Carbon exchange between the atmosphere and subtropical forested cypress and pine wetlands
- 1U.S. Geological Survey, Florida Water Science Center, 7500 SW 36th St, Davie, FL 33314, USA
- 2U.S. Geological Survey, California Water Science Center, Placer Hall, 6000 J Street, Sacramento, CA, USA
- 3South Florida Natural Resource Center, Everglades National Park, Homestead, FL 33030, USA
- 4National Institute of Water and Atmospheric Research (NIWA), Christchurch, New Zealand
- 5Department of Biology, University of Miami, Coral Gables, FL, USA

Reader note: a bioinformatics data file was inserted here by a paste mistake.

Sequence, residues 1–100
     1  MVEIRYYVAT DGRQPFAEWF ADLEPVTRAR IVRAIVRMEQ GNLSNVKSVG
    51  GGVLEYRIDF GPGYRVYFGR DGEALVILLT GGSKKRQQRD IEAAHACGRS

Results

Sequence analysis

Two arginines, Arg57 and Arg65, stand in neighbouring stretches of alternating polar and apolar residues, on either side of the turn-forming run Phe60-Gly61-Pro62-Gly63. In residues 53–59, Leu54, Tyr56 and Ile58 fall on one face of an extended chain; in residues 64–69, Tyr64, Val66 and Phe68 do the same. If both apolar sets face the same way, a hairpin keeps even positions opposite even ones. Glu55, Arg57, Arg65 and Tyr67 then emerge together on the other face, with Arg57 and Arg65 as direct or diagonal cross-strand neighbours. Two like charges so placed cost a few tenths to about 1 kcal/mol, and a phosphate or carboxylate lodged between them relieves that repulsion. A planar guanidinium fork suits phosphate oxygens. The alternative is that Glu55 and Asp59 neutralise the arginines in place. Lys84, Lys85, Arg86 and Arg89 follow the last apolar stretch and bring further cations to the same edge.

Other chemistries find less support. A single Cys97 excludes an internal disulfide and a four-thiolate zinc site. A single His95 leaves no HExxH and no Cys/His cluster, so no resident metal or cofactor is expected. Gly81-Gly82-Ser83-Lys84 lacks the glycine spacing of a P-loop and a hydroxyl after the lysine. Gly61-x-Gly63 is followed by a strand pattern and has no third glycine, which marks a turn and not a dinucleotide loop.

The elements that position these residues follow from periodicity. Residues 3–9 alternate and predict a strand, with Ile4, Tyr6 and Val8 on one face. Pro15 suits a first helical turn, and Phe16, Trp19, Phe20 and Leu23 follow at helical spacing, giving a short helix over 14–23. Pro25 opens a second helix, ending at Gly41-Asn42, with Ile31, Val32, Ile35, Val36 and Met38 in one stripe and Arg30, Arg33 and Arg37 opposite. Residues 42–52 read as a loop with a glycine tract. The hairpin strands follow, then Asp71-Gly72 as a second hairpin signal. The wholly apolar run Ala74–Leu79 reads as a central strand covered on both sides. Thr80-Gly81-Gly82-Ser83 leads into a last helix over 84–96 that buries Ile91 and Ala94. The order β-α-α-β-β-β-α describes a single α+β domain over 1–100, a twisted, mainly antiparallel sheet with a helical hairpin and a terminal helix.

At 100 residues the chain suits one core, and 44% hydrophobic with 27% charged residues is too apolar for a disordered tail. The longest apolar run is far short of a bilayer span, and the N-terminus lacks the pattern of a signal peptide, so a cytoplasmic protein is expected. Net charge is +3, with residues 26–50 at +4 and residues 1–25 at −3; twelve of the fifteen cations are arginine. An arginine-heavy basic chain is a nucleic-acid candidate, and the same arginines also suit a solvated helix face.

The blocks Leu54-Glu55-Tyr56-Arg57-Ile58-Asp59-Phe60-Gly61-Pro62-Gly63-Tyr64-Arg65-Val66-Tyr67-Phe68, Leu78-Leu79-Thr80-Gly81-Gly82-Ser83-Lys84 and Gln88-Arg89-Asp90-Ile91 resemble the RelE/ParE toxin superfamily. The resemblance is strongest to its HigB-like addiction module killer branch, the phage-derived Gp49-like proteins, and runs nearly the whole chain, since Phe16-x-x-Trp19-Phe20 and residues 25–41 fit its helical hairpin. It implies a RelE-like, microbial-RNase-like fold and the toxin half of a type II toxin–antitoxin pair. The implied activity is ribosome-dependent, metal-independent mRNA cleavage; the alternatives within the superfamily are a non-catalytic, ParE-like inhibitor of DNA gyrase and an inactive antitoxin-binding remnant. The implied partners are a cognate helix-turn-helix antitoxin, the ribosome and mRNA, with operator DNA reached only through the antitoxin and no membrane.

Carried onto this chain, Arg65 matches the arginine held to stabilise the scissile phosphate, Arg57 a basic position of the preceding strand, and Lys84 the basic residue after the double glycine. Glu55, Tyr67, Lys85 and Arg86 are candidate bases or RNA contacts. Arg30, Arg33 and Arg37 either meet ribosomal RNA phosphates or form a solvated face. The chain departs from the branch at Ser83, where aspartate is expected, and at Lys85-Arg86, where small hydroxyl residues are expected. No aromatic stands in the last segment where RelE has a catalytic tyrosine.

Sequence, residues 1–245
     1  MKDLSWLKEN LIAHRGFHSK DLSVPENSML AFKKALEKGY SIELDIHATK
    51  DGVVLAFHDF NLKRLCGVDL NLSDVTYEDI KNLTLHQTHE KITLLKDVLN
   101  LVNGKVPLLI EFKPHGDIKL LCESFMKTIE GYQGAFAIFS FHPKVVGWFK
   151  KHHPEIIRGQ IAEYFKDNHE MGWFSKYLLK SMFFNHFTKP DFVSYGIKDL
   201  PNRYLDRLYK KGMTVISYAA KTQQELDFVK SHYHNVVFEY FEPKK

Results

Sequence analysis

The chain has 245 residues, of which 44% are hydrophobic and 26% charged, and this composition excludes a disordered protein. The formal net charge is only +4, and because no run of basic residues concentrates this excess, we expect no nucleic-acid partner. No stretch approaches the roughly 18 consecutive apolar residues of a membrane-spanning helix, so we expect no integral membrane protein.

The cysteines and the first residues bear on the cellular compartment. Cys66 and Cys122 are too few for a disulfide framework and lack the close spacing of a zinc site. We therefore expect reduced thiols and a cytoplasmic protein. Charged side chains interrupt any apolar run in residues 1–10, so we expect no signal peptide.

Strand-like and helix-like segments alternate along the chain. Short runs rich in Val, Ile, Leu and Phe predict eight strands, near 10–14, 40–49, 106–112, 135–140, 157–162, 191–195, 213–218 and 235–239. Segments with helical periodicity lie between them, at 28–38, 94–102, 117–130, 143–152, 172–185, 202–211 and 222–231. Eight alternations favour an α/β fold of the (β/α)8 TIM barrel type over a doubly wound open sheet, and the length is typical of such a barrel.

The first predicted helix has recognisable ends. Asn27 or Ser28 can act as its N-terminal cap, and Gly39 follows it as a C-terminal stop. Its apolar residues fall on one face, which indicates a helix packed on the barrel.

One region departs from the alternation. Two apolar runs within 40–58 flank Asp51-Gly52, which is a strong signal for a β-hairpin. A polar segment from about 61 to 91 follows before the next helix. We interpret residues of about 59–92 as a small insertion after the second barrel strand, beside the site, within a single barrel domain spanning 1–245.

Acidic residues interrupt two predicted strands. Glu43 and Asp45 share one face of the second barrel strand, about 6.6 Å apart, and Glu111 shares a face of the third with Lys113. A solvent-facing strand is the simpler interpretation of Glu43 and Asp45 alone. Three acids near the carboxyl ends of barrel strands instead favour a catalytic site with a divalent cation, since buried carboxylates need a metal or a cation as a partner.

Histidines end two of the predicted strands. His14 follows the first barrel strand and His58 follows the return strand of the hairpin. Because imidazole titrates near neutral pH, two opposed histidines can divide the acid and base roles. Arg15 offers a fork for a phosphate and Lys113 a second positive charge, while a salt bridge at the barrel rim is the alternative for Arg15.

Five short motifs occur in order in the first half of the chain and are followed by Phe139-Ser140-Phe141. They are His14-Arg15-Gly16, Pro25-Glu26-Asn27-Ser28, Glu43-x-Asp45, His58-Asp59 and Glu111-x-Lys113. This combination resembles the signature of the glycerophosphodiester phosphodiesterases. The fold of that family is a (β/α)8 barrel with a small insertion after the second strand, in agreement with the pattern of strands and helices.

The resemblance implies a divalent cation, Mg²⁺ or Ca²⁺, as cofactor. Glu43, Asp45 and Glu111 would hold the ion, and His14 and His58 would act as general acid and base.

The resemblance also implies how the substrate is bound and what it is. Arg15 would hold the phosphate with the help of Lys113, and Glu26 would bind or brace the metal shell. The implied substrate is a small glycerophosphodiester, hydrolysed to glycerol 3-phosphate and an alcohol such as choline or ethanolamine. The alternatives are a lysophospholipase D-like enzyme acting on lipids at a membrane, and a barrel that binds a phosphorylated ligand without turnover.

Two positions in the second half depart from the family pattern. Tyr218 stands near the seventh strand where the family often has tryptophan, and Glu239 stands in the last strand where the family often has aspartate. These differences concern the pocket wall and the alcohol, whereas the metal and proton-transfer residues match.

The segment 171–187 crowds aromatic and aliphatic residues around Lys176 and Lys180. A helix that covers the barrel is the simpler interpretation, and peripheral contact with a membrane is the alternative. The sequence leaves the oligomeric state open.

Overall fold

Abstract. Carbon dioxide exchange between the atmosphere and forested subtropical wetlands is largely unknown. Here we report a first step in characterizing this atmospheric–ecosystem carbon (C) exchange, for cypress strands and pine forests in the Greater Everglades of Florida as measured with eddy covariance methods at three locations (Cypress Swamp, Dwarf Cypress and Pine Upland) for 2 years. Links between water and C cycles are also examined at these three sites, as are methane emission measured only at the Dwarf Cypress site. Each forested wetland showed net C uptake from the atmosphere both monthly and annually, as indicated by the net ecosystem exchange (NEE) of carbon dioxide (CO2). For this study, NEE is the difference between photosynthesis and respiration, with negative values representing uptake from the atmosphere that is retained in the ecosystem or transported laterally via overland flow (unmeasured for this study). Atmospheric C uptake (NEE) was greatest at the Cypress Swampp (−900 to −1000 g C m2 yr−1), moderate at the Pine Upland (−650 to −700 g C m2 yr−1) and least at the Dwarf Cypress (−400 to −450 g C m2 yr−1). Changes in NEE were clearly a function of seasonality in solar insolation, air temperature and flooding, which suppressed heterotrophic soil respiration. We also note that changes in the satellite-derived enhanced vegetation index (EVI) served as a useful surrogate for changes in NEE at these forested wetland sites.